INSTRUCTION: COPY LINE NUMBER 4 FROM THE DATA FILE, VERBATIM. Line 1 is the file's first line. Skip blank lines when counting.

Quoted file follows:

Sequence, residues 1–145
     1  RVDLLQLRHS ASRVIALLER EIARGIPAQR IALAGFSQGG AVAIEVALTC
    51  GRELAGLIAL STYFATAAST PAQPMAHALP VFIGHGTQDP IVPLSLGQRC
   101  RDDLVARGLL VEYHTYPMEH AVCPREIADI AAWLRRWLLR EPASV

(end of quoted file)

   101  RDDLVARGLL VEYHTYPMEH AVCPREIADI AAWLRRWLLR EPASV